A bright sun is seen in an orange sky as it sets behind the silhouette of mountains at White Sands National Park in New Mexico.

Exploring New Mexico’s Beauty: White Sands and Carlsbad Caverns

A bright sun is seen in an orange sky as it sets behind the silhouette of mountains at White Sands National Park in New Mexico.

Exploring New Mexico’s Beauty: White Sands and Carlsbad Caverns

Use this guide to New Mexico’s White Sands National Park and Carlsbad Caverns for your next trip. Find out what routes to take, where to stay, and more.

There’s a reason they call it the “Land of Enchantment.” One visit to the unparalleled beauty of New Mexico’s varied landscape immediately puts travelers under its spell. Exploring Carlsbad Caverns and White Sands National Park provides some unique vantage points for immersing yourself in the state’s magical surroundings.

From more than 145,000 acres of glistening white gypsum dunes to an unearthly landscape below ground, White Sands National Monument and Carlsbad Caverns couldn’t be more different, but these southern New Mexico attractions, located roughly 200 miles apart, share one important trait: They’re frequently at the top of travelers’ must-see lists. Less than four hours apart, these national treasures work great together as a combo road trip.

Want some help kickstarting your travel plans? Take a peek at this 3-day itinerary exploring southern New Mexico’s best national park gems.

Day 1: Start at Carlsbad Caverns

Starting above ground, walk among the Chihuahuan Desert’s flora, fauna, and wildlife while exploring canyons and primeval sea ledges for some outstanding photo ops against dazzling and dramatic backgrounds. Next, the hidden labyrinth of underground caves is ready and waiting. On average, visitors spend between three and four hours exploring the caves and exhibits on ranger-guided or self-guided tours. Plan to bring a light sweater or jacket for added warmth, as the average year-round temperature is only 56 degrees Fahrenheit in the caverns.

The underground caves of Carlsbad Caverns are pictured in New Mexico with rocks pointing up from the ground and draping from the top of the cave like icicles.

If you have time when visiting between May and late October, the Carlsbad Caverns’ Bat Flight Program is open to visitors. Allow some extra time to stay at the Caverns until sunset to watch thousands of bats fly out of the caverns from your perch in Bat Flight Amphitheater.

Stay in Carlsbad Overnight

You won’t find campgrounds or overnight lodging in Carlsbad Caverns National Park, but the nearby town of Carlsbad has several hotels and campgrounds available. Staying in Carlsbad overnight gives you a chance to explore some of the other gems located in the area, including the Carlsbad Museum and Art Center, where you can learn all about the history of the region and stroll through a vast collection of Native American and southwestern art. Living Desert Zoo and Gardens State Park is popular with families interested in learning about the 40 species of native animals and countless plants that are native to the Chihuahuan Desert.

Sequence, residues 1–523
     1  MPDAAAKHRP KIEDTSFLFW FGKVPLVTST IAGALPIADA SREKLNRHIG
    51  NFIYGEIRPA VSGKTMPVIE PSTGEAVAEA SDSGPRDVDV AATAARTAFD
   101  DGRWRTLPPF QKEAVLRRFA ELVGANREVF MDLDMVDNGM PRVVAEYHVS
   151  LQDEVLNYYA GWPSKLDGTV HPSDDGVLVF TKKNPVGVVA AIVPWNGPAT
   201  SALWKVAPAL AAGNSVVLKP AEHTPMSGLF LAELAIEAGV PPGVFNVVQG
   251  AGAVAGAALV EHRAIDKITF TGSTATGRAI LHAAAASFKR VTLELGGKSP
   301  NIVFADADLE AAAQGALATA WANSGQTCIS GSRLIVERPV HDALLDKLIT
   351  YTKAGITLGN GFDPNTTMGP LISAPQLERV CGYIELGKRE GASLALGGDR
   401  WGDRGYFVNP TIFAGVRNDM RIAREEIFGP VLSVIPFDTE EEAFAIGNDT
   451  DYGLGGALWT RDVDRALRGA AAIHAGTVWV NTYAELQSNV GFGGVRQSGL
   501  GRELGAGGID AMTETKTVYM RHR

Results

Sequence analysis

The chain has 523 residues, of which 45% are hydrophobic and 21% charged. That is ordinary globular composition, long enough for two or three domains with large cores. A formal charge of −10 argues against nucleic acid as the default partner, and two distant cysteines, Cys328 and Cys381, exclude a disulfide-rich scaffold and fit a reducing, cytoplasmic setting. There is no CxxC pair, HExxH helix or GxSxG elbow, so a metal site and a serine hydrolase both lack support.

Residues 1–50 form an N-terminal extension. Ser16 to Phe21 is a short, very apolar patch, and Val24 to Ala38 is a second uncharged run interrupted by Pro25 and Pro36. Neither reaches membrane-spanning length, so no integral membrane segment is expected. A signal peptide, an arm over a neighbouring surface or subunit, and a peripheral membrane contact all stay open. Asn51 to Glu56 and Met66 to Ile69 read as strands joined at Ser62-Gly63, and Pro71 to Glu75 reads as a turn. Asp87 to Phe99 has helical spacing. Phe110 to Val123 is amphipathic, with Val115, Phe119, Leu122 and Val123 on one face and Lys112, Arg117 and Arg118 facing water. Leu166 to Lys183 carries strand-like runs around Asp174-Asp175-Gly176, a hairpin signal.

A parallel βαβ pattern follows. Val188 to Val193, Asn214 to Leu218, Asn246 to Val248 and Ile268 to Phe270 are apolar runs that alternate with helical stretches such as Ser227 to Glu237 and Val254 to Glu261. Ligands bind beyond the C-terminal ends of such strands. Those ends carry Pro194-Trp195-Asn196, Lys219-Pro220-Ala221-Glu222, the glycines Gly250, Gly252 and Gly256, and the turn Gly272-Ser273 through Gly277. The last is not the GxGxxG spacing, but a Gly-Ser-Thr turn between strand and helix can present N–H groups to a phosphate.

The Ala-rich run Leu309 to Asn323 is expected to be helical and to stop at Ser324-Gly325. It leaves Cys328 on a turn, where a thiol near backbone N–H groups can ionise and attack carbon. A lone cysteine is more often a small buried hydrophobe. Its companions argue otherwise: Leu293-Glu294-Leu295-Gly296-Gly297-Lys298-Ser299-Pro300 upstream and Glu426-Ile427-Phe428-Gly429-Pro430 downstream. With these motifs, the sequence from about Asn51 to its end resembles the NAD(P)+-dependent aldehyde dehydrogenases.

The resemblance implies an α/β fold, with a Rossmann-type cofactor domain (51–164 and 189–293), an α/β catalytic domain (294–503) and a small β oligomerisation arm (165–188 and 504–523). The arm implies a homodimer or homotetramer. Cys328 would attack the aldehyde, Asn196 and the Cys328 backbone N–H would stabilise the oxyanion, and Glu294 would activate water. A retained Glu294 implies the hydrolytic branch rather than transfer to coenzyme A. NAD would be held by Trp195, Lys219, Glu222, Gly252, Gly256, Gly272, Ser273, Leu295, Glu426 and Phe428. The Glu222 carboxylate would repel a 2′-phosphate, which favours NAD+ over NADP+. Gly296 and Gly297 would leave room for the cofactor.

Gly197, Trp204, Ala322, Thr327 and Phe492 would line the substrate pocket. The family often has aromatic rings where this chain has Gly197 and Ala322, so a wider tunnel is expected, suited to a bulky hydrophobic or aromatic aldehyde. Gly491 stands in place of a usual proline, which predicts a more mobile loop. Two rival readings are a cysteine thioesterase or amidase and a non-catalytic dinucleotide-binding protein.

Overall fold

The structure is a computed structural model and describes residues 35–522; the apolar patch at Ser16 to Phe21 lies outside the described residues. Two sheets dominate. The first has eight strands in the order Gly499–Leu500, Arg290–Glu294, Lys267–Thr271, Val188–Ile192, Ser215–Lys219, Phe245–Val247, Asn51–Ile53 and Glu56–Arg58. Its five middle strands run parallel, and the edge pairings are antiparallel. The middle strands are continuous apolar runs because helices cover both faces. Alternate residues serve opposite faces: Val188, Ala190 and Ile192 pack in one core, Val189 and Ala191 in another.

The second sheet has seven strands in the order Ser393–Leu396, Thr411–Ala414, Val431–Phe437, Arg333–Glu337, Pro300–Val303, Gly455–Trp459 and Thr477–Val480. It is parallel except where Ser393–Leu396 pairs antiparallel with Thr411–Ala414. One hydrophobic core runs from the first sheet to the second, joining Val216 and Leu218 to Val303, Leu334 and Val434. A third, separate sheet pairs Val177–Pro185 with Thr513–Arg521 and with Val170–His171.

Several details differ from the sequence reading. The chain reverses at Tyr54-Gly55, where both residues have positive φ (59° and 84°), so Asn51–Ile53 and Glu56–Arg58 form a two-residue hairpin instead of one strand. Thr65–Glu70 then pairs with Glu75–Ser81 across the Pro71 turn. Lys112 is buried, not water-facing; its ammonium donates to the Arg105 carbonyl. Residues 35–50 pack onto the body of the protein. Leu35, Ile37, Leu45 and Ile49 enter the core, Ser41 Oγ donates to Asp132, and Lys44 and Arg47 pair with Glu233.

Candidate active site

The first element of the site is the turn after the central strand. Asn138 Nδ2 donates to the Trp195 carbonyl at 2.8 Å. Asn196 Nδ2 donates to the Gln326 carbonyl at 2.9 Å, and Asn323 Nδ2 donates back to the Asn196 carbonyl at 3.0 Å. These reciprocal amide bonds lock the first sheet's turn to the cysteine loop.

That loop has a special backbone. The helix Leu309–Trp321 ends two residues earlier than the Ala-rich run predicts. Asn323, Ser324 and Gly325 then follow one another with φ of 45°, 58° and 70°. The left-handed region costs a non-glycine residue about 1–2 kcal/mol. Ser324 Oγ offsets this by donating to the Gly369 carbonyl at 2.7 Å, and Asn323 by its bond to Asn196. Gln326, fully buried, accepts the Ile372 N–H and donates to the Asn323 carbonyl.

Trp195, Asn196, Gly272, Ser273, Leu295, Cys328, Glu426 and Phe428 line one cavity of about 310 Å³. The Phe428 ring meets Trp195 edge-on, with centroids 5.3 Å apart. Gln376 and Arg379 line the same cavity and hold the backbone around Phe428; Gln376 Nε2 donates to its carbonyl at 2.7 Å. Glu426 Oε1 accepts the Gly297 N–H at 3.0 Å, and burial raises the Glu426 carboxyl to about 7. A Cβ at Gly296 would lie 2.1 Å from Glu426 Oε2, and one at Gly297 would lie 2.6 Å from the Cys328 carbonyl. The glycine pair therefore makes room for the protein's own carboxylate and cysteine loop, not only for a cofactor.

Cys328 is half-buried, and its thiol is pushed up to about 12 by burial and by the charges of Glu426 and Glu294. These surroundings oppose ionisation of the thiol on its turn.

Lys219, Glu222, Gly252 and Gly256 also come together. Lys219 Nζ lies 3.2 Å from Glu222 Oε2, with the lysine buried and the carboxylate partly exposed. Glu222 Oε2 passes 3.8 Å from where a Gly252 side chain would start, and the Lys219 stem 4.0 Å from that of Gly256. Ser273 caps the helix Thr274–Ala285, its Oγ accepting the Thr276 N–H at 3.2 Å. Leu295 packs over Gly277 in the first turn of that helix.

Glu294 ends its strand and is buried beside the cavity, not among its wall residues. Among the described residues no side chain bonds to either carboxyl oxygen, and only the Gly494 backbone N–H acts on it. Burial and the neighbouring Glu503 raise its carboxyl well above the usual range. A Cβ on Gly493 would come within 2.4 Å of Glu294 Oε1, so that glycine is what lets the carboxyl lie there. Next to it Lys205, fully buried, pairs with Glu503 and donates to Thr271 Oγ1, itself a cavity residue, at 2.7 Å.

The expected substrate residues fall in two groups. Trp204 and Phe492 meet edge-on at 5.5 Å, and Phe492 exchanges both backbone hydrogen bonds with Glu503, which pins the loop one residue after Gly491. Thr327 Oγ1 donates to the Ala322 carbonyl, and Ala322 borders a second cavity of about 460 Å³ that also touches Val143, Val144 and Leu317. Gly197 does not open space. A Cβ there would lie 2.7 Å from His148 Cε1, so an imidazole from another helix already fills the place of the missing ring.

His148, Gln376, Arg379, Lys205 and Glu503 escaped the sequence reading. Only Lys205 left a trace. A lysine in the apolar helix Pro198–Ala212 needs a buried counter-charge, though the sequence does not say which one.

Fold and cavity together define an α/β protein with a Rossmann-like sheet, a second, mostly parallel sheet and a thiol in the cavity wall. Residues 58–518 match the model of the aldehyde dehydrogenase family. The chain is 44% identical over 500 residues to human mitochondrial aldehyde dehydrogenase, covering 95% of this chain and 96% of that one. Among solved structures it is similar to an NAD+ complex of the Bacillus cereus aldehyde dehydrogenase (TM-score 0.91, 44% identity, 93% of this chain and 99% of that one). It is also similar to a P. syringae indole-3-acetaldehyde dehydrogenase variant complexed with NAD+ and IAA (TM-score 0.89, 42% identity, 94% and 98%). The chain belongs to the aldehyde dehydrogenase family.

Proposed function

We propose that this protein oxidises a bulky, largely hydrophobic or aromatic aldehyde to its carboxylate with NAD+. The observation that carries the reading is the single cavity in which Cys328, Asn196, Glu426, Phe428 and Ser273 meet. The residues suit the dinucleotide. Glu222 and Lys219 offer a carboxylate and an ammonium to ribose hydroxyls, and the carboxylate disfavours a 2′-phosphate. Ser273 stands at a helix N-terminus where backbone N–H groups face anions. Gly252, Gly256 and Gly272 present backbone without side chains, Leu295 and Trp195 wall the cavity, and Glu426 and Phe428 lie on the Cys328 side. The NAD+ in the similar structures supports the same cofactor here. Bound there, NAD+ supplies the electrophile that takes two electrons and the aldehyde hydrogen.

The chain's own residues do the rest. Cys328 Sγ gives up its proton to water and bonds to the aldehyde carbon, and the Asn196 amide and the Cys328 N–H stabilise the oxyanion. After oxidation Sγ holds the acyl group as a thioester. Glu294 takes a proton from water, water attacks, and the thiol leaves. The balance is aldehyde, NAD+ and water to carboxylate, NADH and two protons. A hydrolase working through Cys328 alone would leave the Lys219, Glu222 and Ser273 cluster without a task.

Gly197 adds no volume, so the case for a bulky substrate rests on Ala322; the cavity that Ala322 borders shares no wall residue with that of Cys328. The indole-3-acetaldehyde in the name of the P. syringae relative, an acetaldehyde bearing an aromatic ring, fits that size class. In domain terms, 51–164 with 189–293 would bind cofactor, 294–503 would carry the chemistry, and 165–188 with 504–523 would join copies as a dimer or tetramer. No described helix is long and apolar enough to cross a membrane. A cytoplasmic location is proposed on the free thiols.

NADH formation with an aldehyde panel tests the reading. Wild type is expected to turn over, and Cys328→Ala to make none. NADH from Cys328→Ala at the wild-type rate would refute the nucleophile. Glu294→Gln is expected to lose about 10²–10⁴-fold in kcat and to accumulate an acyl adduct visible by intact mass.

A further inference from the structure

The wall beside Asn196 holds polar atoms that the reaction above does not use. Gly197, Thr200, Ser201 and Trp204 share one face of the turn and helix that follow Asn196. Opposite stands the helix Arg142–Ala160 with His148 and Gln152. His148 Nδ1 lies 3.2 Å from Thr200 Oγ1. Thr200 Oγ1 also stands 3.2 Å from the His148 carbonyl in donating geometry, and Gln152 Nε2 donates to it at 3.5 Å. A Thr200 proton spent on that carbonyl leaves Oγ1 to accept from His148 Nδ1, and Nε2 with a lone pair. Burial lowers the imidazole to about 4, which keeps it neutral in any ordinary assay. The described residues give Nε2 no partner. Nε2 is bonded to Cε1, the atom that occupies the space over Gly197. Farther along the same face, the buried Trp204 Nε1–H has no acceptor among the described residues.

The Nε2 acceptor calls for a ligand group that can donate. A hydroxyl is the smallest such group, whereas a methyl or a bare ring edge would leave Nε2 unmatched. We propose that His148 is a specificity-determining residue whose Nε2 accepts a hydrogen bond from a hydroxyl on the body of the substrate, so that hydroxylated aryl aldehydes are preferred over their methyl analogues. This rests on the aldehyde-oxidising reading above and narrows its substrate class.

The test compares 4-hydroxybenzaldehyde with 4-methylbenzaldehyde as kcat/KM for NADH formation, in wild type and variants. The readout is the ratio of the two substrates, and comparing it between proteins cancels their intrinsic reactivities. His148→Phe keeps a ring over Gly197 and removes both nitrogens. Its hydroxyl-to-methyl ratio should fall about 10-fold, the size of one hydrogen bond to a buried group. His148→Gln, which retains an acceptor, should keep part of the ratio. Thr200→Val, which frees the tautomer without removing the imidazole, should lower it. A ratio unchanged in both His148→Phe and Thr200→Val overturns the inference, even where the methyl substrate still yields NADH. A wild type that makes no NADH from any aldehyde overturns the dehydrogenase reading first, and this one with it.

Day 2: Hit the Road to Bottomless Lakes State Park

No trip to southern New Mexico is complete without checking out the nine mysterious lakes that have confounded people since the days of the Wild West. To get there from Carlsbad, take U.S. Highway 285 North to Bottomless Lakes State Park, located about an hour and a half away. Named for the difficulty the early cowboys had in measuring the lakes’ depth, Bottomless Lakes is no stranger to eerie local legends, ranging from mysterious disappearances to an enormous turtle that allegedly patrols the waters from below.

The bright blue waters of Bottomless Lakes State Park are pictured in contrast to the red mountains, with a blue sky in the background, on a bright afternoon in New Mexico.

As visitors to this state park soon learn, the bottomless lakes aren’t what they seem. They’re actually sinkholes of varying depths between 17 feet and 90 feet, and the brilliant bluish-green color is spectacular. Swim or scuba dive in Lake Lea, which is made up of three sinkholes and a sandy beach. If you prefer to stay on land, explore the trails and keep an eye out for native birds.

Stay in Roswell

From Bottomless Lakes State Park, head north on Bottomless Lakes Road for about 5 miles before taking U.S. 380 West to Roswell, about 20 minutes away. While there, spend some of your downtime exploring the infamous town, made famous by a 1947 incident involving an unidentified flying object (UFO). Go on a UFO tour, stroll through the International UFO Museum and Research Center, and visit the downtown historic district to get a good feel for Roswell’s unique vibe before turning in for the night.

A lamppost stands with alien eyes painted on it, with an American flag waving in the wind behind on a bright afternoon sky in Roswell, New Mexico.

Day 3: Travel to White Sands

From Roswell, head west on U.S. 70 for about three hours to reach White Sands National Monument, New Mexico. Once you arrive, you may feel as though you’ve landed on another planet. The white gypsum crystal dunes at White Sands National Monument offer a surreal experience. Drive down the 8-mile Dunes Drive to take in the scenery, traipse along the dunes to find the perfect spots for family photos, and sled down at least one of the dunes for a little extra fun. Bonus points for staying long enough to catch the sunset.

A tourist stands on flat, white sand, looking through binoculars, with a blue morning sky in the background at the White Sands National Monument in New Mexico.

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